This is not just a guacamole recipe and preparation, it’s a broader lesson about aromatics and acid and using seasonal foods.  It’s avocado season, so they’re really good now!  And they will be all summer long.  Avocados are one of my favorite fruits; they’re kind of like butter, a ready made sauce—all you have to do is adjust texture and add flavors. I recently offered this mortar and pestle to followers on OpenSky (more on OpenSky here), and it makes a gorgeous service piece in addition to being a practical cooking tool.  I mash garlic and salt to a paste, then add minced shallot (yes shallots!). Then I add lime juice. This is one of those great all-purpose techniques I use in many preparations, from mayo to vinaigrettes. First, the juice dissolves the salt so Read On »

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Cinco de Mayo is Sunday. How many of you know what it celebrates or why? Shaw Lash is one of the key cooks and brains in the Rick Bayless Chicago operations, places I really admire. Last year she wrote why, having grown up in Texas and later lived in Mexico, the Cinco de Mayo madness drives her mad. She wants you to know what it means and asks should we celebrate it at all. Her short answer: It’s a celebration of being Mexican. And it’s a brilliant American marketing gimmick. Shaw Lash is one of those aware people I admire, so when my able cohort Emilia suggested a tequila cocktail, I emailed Shaw. Shaw suggested a Margarita primer. There’s an extensive discussion of all drink issues in Rick and wife Deann’s book Frontera: Margaritas, Guacamoles Read On »

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Some cocktails are spontaneous given what’s at hand. I happened to be making nougat, the French confection created by pouring cooked sugar and honey into whipped egg whites, then folding in nuts and dried fruits. The pix were so stunning in the Bouchon Bakery book, I simply had to give it a go and attempt a paired down version for the home cook. I considered adding rum-soaked dried cherries and so prepared these. But by the time the eggs whites and sugar had cooled to glossy perfection, I worried that the red-tinted rum, attracted by the sugar, would leach into the stunning whiteness of the nougat. When the shooting was done for the day, I had a bowlful of rum soaked cherries. Hmmm. How to put to use? “Donna! Don’t put your camera away!” I shouted, Read On »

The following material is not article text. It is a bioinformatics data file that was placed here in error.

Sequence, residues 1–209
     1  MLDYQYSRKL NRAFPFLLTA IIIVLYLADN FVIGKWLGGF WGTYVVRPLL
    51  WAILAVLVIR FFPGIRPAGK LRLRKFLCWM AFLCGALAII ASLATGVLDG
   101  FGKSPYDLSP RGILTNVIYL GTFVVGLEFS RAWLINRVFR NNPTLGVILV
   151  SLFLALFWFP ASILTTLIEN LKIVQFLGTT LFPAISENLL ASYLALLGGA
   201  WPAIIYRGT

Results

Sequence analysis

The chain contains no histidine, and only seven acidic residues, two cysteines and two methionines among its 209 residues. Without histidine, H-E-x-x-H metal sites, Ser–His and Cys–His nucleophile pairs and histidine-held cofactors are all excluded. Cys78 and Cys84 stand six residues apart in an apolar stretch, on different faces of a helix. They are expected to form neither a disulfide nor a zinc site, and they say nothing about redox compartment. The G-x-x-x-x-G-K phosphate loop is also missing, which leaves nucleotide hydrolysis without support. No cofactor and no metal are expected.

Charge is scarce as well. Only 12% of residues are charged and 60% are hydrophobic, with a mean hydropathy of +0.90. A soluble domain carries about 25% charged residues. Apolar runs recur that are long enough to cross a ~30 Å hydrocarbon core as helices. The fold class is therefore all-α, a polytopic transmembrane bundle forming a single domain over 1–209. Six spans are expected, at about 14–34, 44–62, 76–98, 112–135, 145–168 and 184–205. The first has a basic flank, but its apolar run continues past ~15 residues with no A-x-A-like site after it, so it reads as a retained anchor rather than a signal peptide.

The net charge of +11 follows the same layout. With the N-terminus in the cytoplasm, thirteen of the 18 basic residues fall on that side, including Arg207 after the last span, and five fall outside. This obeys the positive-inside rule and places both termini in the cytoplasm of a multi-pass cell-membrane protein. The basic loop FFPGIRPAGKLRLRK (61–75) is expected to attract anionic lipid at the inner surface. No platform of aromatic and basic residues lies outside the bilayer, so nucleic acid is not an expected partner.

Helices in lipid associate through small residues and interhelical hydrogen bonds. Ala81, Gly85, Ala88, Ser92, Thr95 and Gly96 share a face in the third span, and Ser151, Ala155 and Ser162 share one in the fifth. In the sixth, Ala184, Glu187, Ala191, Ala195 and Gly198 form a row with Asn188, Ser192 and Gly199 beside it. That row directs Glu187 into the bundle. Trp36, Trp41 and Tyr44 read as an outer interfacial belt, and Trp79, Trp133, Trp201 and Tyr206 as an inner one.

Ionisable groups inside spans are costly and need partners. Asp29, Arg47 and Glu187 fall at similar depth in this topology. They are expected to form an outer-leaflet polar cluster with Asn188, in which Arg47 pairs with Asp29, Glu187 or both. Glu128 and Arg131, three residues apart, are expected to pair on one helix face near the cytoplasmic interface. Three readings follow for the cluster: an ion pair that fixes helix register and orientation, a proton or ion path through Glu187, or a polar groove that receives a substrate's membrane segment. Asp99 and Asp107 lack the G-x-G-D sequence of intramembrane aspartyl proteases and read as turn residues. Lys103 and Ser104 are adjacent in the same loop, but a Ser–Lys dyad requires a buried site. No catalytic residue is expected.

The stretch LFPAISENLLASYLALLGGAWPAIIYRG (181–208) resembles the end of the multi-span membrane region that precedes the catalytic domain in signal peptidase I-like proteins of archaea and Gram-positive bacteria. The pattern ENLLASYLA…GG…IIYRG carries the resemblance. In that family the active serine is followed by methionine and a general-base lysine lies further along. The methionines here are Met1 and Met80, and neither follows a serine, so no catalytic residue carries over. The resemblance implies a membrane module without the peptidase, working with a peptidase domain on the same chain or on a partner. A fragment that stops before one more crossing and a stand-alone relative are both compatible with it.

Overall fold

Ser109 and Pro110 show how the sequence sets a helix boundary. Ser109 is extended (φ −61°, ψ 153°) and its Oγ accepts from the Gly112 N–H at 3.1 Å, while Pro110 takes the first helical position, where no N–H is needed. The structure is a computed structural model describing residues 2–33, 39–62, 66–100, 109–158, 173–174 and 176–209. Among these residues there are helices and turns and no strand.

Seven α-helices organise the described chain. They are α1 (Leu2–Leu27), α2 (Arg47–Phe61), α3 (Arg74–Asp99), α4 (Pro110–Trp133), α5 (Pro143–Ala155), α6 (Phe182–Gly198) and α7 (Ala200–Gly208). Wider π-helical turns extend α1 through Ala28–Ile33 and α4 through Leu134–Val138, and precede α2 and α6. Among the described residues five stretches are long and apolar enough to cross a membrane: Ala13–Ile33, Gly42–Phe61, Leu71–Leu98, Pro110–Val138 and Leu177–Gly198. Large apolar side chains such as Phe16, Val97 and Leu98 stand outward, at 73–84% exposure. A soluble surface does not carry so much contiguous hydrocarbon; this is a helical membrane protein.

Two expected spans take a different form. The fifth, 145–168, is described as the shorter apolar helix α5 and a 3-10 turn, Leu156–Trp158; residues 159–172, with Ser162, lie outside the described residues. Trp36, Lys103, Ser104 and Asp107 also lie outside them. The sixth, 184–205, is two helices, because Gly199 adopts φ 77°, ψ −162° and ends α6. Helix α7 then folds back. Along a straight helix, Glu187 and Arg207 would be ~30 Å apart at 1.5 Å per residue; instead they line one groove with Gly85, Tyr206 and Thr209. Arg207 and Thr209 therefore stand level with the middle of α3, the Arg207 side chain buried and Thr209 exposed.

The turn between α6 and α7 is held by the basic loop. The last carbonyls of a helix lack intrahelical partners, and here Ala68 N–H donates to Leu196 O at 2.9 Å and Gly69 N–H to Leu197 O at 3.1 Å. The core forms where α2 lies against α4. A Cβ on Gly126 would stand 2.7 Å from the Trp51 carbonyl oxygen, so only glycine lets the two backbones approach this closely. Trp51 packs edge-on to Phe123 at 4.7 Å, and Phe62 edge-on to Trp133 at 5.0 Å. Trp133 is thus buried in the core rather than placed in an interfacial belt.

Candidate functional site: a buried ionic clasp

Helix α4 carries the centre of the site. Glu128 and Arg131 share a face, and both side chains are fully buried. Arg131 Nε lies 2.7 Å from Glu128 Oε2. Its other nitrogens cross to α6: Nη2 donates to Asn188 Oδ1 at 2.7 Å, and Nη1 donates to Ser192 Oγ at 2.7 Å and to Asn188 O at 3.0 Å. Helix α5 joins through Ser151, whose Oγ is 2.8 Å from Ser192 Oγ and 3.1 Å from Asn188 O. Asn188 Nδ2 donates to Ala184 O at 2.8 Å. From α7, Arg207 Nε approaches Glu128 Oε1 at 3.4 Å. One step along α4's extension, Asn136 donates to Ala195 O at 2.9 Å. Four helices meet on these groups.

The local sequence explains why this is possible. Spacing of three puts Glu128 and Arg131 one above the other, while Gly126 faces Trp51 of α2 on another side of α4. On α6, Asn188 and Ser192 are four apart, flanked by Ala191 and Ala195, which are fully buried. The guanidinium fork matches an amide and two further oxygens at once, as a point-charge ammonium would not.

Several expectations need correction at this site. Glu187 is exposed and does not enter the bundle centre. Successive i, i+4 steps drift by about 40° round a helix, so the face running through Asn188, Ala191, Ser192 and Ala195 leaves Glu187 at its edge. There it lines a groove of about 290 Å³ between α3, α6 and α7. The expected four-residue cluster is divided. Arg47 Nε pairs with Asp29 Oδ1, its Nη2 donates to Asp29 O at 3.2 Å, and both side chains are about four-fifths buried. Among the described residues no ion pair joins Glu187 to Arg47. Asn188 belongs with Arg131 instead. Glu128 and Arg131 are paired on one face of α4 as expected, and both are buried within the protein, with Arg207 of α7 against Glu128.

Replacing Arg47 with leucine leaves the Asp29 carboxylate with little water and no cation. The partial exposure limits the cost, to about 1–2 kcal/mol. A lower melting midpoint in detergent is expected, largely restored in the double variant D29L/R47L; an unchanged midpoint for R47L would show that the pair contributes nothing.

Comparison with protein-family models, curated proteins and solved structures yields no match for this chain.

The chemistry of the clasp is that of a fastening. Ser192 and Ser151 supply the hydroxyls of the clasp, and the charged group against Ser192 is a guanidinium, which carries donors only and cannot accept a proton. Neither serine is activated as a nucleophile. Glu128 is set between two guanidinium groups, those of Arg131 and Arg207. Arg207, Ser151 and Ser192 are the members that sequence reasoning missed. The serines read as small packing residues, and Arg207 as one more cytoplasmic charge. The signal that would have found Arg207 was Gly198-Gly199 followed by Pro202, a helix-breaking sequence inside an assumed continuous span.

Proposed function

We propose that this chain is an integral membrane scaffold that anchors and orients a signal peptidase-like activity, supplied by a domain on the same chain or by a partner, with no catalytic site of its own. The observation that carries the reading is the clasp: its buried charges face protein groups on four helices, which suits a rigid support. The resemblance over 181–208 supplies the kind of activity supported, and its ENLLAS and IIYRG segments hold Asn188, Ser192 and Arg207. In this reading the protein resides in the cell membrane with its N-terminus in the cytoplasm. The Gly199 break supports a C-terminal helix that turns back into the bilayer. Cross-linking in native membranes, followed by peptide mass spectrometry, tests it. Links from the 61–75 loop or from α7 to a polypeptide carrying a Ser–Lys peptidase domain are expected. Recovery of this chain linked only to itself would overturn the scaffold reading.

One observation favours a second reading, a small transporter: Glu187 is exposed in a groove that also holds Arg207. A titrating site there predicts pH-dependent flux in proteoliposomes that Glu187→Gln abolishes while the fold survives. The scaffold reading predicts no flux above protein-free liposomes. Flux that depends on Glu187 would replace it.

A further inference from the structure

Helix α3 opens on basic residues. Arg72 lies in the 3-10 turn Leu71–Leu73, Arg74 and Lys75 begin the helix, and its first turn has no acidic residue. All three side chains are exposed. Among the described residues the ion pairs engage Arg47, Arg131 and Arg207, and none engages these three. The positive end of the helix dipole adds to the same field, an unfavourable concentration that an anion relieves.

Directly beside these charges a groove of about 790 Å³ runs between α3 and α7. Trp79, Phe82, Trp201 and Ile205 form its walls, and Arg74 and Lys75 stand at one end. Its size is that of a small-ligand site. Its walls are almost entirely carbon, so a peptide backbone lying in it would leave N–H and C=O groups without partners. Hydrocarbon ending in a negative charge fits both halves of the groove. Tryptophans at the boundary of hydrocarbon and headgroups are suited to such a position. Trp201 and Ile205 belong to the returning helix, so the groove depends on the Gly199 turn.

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  I get sent so many cookbooks we had to build more shelves. So while I don’t get deluged the way the NYTBR does, I do see a good deal of what’s being published. The stuff I get seems to be what publishers are most hopeful about (and therefore worth the price of the book and postage). I will note below the books that I actually purchased (because I already have more cookbooks than I need or even want, that’s saying something), as well as my pick for favorite book of the season (it’s not my own, btw). I was sent the above Modernist Cuisine at Home by Nathan Myhrvold with chef Maxime Bilet, a pared-down version of the incredible multi-volume version published last year. Myhrvold was peeved by my 90% positive and awe-struck review in the NYTimes (that’s an Read On »

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  Kitchen tools need not be expensive to be valuable. The above Benriner mandoline is one of my most valued kitchen tools for uniform slicing, julienning, and making brunoise (a julienne turned into a dice). By far my most valuable electric device in my kitchen is the hand blender—I use Braun that seems to be unavailable, but I bought this Cuisinart version for my mom  ($47) and it works well—these devices all do the job of pureeing soups and sauces, easy whisking, quick mayonnaise, and I make vinaigrettes in the cup attachment, which will even emulsify a great Caesar dressing will pureeing the garlic. Every kitchen needs a scale, the most reliable way of measuring, especially if you’re baking (which is why more cookbooks are including, if not leading with, metric weights, as does the ground-breaking Bouchon Bakery cookbook—another Read On »

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